Published: Monday, February 27, 2012
Updated: Monday, March 5, 2012 13:03
LBCC officials have decided continuing students will be bypassed to allow new freshmen to take priority registration as part of the LBCC Promise Pathways in the Fall semester.
New freshman are currently the fifth in line when it comes to priority registration after EOPS, disabled students, veterans and foster care.
Dewayne Sheaffer, department chair of LAC counseling, said continuing students struggle to get through because of the lack of classes. "Then you bring these other groups and give them preferred status, but they are not getting the full benefit of the free semester being paid for."
Alberto Reynoso, 19, a psychology major, said, "I don't like it, since I don't have the priority registration."
After attending meetings regarding LBCC Promise Pathways, Sheaffer said many teachers and other employees have shown concern. He said they do not fully understand why the administration is pushing forward with the program and limited answers have been provided.
New students will take general-education classes in English, writing and math, raising concern among teachers because they will have classes consisting mainly of inexperienced students, he said.
The college does not plan to compensate teachers and counselors for additional work at this time, Sheaffer said.
Mary Martinez, a counselor at Wilson High School, said, "Don't go to City because it's convenient." She said students should be "open minded" and to consider other smaller schools.
Robert Garcia, director of public and media relations for LBCC, said the money being used to pay for Promise Pathways comes from the scholarship component that is from the Foundation. The rest of the program is a combination of grants and general district funds.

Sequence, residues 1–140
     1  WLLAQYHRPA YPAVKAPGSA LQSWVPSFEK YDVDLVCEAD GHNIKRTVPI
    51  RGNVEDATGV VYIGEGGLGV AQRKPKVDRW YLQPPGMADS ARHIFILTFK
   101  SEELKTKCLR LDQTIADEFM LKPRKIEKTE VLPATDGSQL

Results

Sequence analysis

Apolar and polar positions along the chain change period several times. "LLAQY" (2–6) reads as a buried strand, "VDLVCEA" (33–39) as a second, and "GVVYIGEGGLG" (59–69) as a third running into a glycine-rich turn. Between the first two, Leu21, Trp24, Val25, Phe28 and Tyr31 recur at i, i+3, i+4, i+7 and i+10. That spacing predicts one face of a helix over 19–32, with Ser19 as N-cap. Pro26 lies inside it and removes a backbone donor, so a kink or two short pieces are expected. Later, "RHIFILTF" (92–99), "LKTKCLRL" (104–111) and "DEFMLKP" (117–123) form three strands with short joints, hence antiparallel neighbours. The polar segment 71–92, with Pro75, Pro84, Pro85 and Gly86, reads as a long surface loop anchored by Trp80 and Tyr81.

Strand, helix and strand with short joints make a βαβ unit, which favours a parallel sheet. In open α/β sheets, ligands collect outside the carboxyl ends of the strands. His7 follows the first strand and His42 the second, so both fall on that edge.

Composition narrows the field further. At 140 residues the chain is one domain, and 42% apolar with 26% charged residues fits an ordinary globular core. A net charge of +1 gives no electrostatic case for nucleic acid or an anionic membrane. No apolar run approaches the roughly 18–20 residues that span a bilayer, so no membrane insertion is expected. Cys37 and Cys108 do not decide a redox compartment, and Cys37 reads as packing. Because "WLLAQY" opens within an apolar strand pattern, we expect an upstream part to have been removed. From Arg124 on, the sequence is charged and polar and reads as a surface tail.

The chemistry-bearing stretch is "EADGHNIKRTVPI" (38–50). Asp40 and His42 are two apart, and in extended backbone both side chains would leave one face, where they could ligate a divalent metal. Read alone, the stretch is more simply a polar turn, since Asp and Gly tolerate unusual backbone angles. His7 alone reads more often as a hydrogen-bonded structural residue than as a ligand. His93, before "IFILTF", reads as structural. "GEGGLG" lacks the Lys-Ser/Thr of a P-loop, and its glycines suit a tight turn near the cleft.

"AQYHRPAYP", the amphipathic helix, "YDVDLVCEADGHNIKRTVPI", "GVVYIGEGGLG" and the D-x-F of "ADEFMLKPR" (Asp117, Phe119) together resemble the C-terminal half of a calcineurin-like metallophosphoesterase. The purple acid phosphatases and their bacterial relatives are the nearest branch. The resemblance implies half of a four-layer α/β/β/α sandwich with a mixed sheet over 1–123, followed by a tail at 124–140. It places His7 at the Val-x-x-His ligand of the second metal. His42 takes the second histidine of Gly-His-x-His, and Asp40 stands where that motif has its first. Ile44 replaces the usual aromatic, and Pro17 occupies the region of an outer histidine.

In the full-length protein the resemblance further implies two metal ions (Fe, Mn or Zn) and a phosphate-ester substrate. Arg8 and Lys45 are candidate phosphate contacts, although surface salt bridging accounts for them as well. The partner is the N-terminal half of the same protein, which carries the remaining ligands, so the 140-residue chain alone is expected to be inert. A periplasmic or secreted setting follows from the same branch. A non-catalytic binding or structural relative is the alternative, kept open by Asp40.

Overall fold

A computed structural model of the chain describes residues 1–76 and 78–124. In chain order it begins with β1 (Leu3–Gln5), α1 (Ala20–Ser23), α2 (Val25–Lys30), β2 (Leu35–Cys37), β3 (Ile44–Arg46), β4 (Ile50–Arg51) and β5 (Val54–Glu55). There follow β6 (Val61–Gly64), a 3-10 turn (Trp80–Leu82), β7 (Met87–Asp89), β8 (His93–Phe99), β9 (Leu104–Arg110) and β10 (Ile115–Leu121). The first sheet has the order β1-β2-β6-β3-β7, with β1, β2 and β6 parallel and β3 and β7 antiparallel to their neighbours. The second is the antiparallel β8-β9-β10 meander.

Garcia said LBCC Promise Pathways will create a co-hort model for incoming Long Beach Unified School District students. Several blended courses are scheduled in Promise Pathways with no changes to continuing students. Promise Pathways will not increase LBCC current enrollment, but instead put the students we normally get from LBUSD into a co-hort.
In addition, teachers have been involved in the creation of Promise Pathways and LBCC compensates faculty based on contracts and agreements between the district and faculty, he said.
Bobbi Clarke, a counselor at Cabrillo High School, said, "I wholeheartedly support the LBCC Promise Pathways. This removes the financial burden and obstacle for so many of our students, allowing them to gain the opportunity that they otherwise may not have had."
Garcia said LBCC is in the process of hiring counselors and teachers for Fall 2012 to help with the upcoming freshmen and LBCC is always striving to improve student success.
Beatrice Rivas, 17, a Wilson High School senior, said, "The program is fantastic. I believe it would aide me in my junior college journey."
Eighteen counselors, seven at PCC and 11 at LAC, serve about 28,000 students, with the majority of the counselors having other duties such as teaching, workshops, classroom presentations and other responsibilities. According to the American Counseling Association Code of Ethics and Standard Practice, "The median ratio of students to counselors in the Community Colleges in 1992 stood at over 1,700 to 1." Sheaffer said counselors at LBCC are 2,700 to 1. Their overall goal is to see 500 students weekly, he said. However, Garcia said the ratio is 1,556 to 1.
When talking about why LBCC is promising help and assistance in counseling and other departments to incoming freshmen when the problems within the school can't be solved, Garcia said LBCC and the counseling department are committed to helping both currently enrolled and new students with their educational goals.